According to Danny Knobler of CBS Sports, the Oakland Athletics have signed free agent starter Ben Sheets to a one-year deal worth $10 million plus incentives. He has already passed his physical.
If your first thought was like mine, that the A’s are now out of the Johnny Damon sweepstakes, because we heard yesterday that Damon was their plan B, not so fast. Today we’ve heard from Buster Olney that despite the fact that they’ve managed to sign Sheets, the Athletics are still planning to make Damon an offer.
“Heard this,” Olney Tweeted. “Even in the aftermath of the Sheets agreement, the Oakland-Damon dialogue is continuing.Damon wouldn’t get a lot of $ from Oak, but unless there is some other team bidding other than NYY at $2 million, whatever offer he gets from Oak.($4 m.? $5 m.?)might be best.”
This doesn’t necessarily mean the Athletics will keep the Yankees from signing Damon. The number that the Yankees are supposedly floating around to offer Damon, $2 million, seems like a bargaining ploy. If Damon’s agent, Scott Boras, would get serious about his expectations for Damon’s contract I’d imagine it would start getting closer to the $5 million range and that might even be just a base salary similar to Andy Pettitte‘s 2009 contract (although that is just my guess).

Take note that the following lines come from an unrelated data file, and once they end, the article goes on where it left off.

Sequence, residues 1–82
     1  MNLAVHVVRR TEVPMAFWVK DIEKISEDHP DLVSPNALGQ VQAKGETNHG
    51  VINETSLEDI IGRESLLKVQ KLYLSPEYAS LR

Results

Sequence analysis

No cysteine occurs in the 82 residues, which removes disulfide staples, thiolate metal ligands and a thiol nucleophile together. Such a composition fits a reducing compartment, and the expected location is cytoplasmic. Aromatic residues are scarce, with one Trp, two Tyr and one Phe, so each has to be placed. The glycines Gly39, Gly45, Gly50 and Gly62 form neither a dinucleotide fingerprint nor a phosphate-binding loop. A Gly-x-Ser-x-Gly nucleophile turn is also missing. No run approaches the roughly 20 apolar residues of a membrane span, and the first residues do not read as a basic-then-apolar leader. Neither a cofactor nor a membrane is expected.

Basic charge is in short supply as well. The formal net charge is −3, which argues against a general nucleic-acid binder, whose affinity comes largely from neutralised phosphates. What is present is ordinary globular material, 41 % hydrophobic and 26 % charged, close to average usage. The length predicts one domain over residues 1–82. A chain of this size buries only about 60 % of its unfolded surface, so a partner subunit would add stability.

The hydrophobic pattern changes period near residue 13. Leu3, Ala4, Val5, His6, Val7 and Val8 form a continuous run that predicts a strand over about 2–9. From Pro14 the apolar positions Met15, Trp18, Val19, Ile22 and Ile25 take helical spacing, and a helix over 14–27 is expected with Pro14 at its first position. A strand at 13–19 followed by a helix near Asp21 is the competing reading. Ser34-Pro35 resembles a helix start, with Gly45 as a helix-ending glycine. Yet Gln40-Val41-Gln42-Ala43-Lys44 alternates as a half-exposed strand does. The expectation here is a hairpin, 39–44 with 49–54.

There is also the issue of the Oakland Coliseum. See last season was great offensively by Damon’s standards. His OPS+ was a career high 126, but if you look at his home and away splits that number was heavily influenced by the short porch in right, 136 OPS+ at home vs. 117 on the road. Damon’s career low OPS+, ignoring his first full year in the league, was an 82 when he played for the A’s. Coincidence? At home that season he had an OPS+ of 73 and on the road it was 91.
The question now becomes, will Damon be willing to risk hurting his next contract for a couple of extra million this offseason? The Coliseum is one of the most spacious parks in baseball with loads of foul territory, there is little doubt that his numbers would certainly be worse off there than if he played 2010 in Yankee Stadium.
So what do you think? Might Damon swallow his pride and take slightly less money, if that’s what it came down to, to play for the Yankees than to risk hurting his numbers and his next contract?